There are about 65.6 million refugees, asylum seekers and migrants around the world according to the UN Refugee Agency. Beyond this unprecedented figure are stories of people who have been forced away from the security of their own homes and have to find their way in strange, unfamiliar countries.
Who Are Asylum Seekers
An asylum seeker is a person who has fled from their home country because of dangerous circumstances such as war or political unrest. They move to another country seeking protection and the possibility of living there.
Living in a new country can be a frightening experience especially for refugees who have no place that they can call home. They went through indescribable trauma and violence in their homelands, becoming separated from their family, losing loved ones and seeing their homes destroyed.
Most refugees undergo thorough screening depending on the country they are trying to move to. Some of them end up moving through various countries and have to go through rigid evaluation.
Once they arrive in a new country, they face a new set of challenges like adjusting to an unfamiliar culture, language barriers, financial constraints, health problems, and, in worse cases, hate crimes and discrimination.
Countries experiencing an influx of asylum seekers are often put in a tight spot when it comes to deciding whether to grant asylum or not. On one hand, it is understandable that these immigrants are in a desperate need of a safe place to resettle with their families and they cannot be left alone to look after themselves.
On the other hand, there are many risks involved in admitting foreigners, some of them threatening to the lives of the citizens of the country. For example, terrorists may take advantage of the situation and cross borders disguised as a refugee. This legitimate threat has made it challenging for some countries to allow asylum seekers easy entry.
The refugee crisis is complex and may be can be viewed through many perspectives. In a faith perspective, what role do we play in the global refugee crisis? How do we view this predicament in the context of the teachings of the Catholic Church?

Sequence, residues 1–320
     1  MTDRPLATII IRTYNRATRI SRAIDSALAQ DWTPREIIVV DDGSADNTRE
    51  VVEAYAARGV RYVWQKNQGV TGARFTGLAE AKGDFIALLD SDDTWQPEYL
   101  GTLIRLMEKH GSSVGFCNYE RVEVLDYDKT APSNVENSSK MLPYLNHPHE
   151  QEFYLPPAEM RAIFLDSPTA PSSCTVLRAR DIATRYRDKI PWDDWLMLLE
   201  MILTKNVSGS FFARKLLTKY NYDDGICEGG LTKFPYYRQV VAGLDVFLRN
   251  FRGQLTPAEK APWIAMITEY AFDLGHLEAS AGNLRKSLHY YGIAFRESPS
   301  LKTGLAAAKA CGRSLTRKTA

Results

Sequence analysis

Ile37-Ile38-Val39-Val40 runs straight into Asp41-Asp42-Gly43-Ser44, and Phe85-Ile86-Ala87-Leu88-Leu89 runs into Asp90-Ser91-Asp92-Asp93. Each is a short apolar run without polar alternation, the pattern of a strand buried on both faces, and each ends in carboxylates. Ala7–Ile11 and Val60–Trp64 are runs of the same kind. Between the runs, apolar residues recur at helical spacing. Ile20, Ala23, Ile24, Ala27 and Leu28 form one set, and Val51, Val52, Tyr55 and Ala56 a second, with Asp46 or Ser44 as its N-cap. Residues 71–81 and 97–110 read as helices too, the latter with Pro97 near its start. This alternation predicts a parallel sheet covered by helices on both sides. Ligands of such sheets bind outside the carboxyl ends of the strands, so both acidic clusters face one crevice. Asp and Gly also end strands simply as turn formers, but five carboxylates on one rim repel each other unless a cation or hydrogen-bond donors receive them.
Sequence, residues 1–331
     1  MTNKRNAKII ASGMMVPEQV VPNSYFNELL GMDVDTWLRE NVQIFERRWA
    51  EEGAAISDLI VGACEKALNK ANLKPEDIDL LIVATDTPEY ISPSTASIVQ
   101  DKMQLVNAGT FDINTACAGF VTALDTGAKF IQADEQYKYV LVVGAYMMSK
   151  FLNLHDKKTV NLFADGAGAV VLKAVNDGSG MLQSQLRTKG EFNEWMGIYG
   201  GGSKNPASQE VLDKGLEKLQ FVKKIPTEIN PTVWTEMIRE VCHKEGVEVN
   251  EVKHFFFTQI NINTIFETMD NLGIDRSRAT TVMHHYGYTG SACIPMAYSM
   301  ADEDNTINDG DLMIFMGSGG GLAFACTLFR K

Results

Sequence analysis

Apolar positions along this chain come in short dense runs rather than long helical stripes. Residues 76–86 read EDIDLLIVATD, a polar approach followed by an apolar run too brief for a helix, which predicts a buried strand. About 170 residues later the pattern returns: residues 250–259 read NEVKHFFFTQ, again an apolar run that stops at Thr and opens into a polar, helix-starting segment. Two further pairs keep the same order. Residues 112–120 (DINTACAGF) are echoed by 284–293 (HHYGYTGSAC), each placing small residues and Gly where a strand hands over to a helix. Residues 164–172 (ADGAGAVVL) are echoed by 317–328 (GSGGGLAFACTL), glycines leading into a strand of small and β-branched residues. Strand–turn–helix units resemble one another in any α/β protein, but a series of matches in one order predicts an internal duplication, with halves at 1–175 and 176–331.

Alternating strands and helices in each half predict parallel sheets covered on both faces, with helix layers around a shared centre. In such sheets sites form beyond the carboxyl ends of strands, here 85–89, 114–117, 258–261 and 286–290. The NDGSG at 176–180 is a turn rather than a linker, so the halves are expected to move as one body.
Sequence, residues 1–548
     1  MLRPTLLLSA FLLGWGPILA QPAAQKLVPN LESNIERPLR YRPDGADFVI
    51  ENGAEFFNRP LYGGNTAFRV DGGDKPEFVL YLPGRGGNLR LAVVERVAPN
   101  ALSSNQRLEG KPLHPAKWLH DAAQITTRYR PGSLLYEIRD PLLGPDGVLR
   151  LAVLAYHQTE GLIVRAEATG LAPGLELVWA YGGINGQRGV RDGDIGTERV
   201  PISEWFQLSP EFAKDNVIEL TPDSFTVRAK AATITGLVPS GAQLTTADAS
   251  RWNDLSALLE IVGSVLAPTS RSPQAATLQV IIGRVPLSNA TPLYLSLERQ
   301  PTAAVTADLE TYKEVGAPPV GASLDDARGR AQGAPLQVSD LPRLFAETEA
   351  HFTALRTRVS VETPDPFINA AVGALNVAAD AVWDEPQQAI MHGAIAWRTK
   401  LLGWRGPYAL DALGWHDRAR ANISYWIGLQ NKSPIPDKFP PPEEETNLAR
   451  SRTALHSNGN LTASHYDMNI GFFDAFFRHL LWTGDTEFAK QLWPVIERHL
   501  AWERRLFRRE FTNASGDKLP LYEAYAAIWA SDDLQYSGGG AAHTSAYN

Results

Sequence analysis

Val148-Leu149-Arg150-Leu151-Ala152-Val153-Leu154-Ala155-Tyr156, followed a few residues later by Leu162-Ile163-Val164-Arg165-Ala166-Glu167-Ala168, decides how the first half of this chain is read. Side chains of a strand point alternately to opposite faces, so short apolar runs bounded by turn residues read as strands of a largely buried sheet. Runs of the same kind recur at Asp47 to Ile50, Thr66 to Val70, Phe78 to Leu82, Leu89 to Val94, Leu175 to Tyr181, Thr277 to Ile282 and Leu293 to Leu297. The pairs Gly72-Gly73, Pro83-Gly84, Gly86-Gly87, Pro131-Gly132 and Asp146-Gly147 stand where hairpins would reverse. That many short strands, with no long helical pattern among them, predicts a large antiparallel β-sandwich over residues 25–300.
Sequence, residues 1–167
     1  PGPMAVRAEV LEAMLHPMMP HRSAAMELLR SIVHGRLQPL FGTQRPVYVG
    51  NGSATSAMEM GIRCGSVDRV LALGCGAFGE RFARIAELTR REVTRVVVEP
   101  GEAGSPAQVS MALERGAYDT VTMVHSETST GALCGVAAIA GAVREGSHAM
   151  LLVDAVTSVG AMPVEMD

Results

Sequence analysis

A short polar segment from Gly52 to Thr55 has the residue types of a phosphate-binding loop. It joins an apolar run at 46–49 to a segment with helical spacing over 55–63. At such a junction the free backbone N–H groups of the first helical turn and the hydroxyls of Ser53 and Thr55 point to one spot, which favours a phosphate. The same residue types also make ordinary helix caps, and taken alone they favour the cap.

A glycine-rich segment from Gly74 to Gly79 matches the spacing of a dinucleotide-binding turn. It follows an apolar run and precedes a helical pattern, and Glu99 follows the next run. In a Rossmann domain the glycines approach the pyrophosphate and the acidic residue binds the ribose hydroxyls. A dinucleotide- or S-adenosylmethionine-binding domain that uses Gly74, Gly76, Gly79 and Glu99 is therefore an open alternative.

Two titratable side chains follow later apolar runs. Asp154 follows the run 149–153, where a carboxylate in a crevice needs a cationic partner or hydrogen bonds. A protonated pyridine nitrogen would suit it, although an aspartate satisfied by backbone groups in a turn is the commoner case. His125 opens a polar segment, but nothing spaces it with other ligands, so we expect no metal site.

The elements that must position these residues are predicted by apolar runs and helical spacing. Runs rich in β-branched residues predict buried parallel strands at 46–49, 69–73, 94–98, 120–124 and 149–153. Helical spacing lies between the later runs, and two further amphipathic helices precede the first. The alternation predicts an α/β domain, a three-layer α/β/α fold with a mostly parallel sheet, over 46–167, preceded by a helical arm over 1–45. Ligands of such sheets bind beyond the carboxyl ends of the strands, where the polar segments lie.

What the Catholic Church Says
“For I was hungry and you gave me food, I was thirsty and you gave me drink, a stranger and you welcomed me.” Matthew 25:35
According to the “Compendium of the Social Doctrine of the Catholic Church,” Christians have an obligation to the common good and must help provide social conditions vital “for people, either in groups or as individuals, to reach their fulfillment more fully and more easily.
He said to him, “You shall love the Lord, your God, with all your heart, with all your soul, and with all your mind.This is the greatest and the first commandment.The second is like it: You shall love your neighbor as yourself.The whole law and the prophets depend on these two commandments.” Matthew 37:40
The concept of the common good is built on solidarity which requires that all individuals work to make life livable for all. Each person has a part to play in promoting the common good more so if he or she is a Christian.
The Bible teaches us that humans are created in the image and likeness of God. Therefore we must treat one another with respect and reverence regardless of their race or religion. We also have a responsibility to love our neighbors as we love ourselves, a command which is said to be the foundation of all other commandments and laws.
The Catholic Church emphasizes that the demands of human dignity must always come before national interest. It teaches us to protect and help innocent victims and those who are fleeing for their lives. Prolonged immigration detention or refusing asylum fail to uphold the Catholic virtues of justice and mercy.
What We Can Do
The refugee crisis is an overwhelming problem and there is no easy and instant solution for it. Our Catholic Faith teaches us to play our individual parts and do what we can even on a personal level.
Here are three simple ways we can do this:
There are many parishes, Catholic groups and foundations focused on providing assistance to refugees. Share your blessings to these groups so that they can better function and help those who are in need.
If you have the time and skills, you may do volunteer work in organizations supporting asylum seekers. Many charitable organizations are built on the selfless efforts of volunteers so every little contribution can go a long way.
When you seem someone who looks like they are from a foreign country, be kind. It’s not easy to be a stranger in a foreign land so smile, greet them and make them feel welcome.